What better role could the Government of Canada play than to ensure that military personnel both have the justice they deserve while they are providing military service and also are not unduly penalized because of that unfair system once they leave the service?
We noted that there needs to be reform of the grievance system. At present, the grievance system does not provide a means of external review. Currently it is staffed entirely by retired Canadian Forces officers, some only relatively recently retired. If the Canadian Forces grievance board is to be perceived as an external and independent oversight civilian body, as it was designed to be, then the appointment process needs to be amended to reflect that reality. Thus, some members of the board should be drawn from civil society. The NDP amendments have provided that at least 60% of the grievance committee members must never have been officers or non-commissioned members of the Canadian Forces. This is one of the amendments that was passed in March 2011 in Bill C-41 but was not retained in Bill C-15, before us in the House today.
The third point is about strengthening the Military Police Complaints Commission. Bill C-15 amends the National Defence Act to establish a timeline within which the Canadian Forces provost marshal would be required to resolve conduct complaints, as well as protect complainants from being penalized for submitting a complaint in good faith. Although this is a step forward, we in the NDP believe that more needs to be done to empower the commission. For example, care has not been taken to provide the Military Police Complaints Commission with the required legislative provisions empowering it to act as an oversight body. The commission must be empowered by a legislative provision that would allow it to rightfully investigate and report to Parliament.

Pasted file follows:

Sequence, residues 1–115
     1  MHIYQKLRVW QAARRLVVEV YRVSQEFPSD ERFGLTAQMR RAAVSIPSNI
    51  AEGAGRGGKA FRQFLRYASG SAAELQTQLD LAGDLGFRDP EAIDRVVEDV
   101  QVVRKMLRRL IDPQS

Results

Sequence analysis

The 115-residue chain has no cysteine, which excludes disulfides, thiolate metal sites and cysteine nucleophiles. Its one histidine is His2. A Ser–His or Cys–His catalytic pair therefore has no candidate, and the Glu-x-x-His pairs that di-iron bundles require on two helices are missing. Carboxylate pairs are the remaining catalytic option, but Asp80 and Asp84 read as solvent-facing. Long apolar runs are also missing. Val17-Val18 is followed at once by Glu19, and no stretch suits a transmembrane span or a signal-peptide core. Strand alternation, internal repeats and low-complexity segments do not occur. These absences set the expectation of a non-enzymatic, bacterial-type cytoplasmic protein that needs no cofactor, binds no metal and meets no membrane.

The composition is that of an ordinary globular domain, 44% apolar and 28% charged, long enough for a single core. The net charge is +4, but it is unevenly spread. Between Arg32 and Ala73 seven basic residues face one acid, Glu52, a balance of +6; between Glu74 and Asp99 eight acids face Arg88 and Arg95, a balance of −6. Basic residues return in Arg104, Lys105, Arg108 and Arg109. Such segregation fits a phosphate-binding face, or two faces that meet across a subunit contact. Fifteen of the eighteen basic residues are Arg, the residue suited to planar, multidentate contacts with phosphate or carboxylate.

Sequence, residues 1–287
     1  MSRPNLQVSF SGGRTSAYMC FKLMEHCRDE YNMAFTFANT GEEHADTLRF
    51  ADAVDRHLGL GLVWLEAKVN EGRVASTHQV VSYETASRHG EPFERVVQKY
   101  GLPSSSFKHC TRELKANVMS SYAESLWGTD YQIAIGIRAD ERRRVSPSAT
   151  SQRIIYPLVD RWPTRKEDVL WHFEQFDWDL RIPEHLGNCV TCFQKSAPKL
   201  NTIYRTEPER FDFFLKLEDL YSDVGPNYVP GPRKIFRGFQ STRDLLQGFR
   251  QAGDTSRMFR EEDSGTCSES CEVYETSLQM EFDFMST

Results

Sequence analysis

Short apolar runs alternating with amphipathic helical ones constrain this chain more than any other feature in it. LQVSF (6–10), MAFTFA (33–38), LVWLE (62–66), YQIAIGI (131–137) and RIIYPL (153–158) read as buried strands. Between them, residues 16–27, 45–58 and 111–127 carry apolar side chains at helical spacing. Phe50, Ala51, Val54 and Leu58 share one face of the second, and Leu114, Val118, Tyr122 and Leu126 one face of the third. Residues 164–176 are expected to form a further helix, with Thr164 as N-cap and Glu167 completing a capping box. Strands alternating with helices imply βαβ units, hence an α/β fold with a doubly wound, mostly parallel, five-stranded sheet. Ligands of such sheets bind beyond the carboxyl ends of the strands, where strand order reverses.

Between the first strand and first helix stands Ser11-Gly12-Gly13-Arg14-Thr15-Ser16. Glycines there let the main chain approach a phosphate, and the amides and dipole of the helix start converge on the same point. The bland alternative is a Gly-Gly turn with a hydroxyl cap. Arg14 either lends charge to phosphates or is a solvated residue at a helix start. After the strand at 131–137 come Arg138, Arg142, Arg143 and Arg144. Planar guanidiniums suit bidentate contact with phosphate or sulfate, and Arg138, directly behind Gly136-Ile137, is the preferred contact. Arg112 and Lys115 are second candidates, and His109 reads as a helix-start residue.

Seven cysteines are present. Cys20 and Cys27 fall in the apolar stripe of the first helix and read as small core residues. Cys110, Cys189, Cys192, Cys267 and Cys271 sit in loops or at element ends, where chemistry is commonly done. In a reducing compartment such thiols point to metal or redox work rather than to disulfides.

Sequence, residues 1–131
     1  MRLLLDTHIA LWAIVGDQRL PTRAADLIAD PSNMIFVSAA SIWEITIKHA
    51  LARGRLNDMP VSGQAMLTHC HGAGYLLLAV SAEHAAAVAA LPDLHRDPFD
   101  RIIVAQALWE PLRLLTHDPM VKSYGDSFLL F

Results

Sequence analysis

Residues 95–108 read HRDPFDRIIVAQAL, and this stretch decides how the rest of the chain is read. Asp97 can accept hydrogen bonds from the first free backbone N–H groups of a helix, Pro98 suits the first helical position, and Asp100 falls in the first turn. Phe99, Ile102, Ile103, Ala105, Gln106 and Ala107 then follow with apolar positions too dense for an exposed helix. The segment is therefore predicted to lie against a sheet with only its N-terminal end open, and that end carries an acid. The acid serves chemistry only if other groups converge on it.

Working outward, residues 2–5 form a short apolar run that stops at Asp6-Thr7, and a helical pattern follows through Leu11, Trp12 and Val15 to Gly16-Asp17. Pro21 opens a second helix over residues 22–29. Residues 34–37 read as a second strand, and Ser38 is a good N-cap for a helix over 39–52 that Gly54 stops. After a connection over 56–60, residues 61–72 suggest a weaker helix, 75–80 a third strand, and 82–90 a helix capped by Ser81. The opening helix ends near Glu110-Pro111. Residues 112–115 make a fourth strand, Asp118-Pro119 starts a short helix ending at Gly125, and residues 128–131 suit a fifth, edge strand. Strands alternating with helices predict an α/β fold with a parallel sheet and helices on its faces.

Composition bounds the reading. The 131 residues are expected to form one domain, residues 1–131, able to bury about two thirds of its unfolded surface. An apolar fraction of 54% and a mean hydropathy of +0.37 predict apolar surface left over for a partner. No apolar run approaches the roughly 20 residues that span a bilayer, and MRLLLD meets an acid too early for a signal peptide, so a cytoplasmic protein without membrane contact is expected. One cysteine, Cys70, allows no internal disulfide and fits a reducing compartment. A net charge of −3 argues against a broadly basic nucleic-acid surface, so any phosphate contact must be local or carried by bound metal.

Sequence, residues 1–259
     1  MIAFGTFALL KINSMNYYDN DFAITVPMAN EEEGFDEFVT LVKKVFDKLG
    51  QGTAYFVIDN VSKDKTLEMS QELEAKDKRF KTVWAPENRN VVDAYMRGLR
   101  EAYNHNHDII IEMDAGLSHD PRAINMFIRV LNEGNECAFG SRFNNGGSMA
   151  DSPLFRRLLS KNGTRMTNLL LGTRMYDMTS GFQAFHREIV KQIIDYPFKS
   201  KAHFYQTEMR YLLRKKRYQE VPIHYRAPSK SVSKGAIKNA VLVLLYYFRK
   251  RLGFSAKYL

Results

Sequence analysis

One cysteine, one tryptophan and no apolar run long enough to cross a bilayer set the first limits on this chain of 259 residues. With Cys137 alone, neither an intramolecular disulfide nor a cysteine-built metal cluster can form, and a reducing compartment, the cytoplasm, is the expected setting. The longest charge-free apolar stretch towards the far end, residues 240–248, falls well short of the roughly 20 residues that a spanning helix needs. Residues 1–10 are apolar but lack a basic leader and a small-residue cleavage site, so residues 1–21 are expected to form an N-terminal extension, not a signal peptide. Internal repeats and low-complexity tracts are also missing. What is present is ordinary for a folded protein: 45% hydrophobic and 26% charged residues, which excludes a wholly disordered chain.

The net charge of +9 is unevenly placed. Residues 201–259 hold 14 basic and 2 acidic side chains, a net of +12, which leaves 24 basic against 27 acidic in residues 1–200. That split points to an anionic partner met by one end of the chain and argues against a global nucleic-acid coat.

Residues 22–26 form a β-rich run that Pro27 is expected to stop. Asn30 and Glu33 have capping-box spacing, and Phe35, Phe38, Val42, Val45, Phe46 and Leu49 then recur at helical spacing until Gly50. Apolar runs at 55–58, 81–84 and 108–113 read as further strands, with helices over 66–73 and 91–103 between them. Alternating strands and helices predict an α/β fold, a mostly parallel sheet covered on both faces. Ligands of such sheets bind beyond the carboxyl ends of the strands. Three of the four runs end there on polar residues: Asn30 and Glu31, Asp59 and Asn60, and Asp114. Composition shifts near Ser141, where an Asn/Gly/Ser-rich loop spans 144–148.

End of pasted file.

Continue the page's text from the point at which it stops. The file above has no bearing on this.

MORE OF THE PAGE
On that note, on the need to strengthen the Military Police Complaints Commission to ensure that those in the military have access to the kind of justice all Canadians would expect, the concept of ensuring the independence of complaints commissions and the ability to review and investigate what is currently taking place is something to which we need to see a greater commitment from the government side in a whole host of areas. One of the areas that has also been discussed is the RCMP.
Despite the rhetoric we have heard from the government in favour of greater fairness for those working in the RCMP, the complaints commission there requires greater support. Canadians require greater assurance that the complaints commission of the RCMP will be independent. The reason I raise this is that we have heard about some serious allegations, some tragic stories around sexual harassment in the RCMP. That is something I am very concerned about, as the status of women critic for the NDP. There needs to be a policy when it comes to sexual harassment in the RCMP, but there also needs to be an assurance and clear legislative commitment to strengthen the independence and the role of the complaints commission. It is very much the same scenario in the case of the military. When we are talking about ensuring that members of the forces have access to justice and a fair system for recourse, we need to be looking at strengthening the Military Police Complaints Commission.
Finally, what we are asking of the government, and certainly what we would have hoped for, is that it would have taken the deliberations of the committee and the final amendments made by the committee in hand and, rather than reinvent the wheel, recognize that the work has already been done and the template is already there to ensure that whatever we do with regard to strengthening military justice in Canada be done with access to justice and fairness for military personnel as a foremost priority. It is a priority for us in the NDP. We hope to see that same kind of reciprocation from the government at some point soon.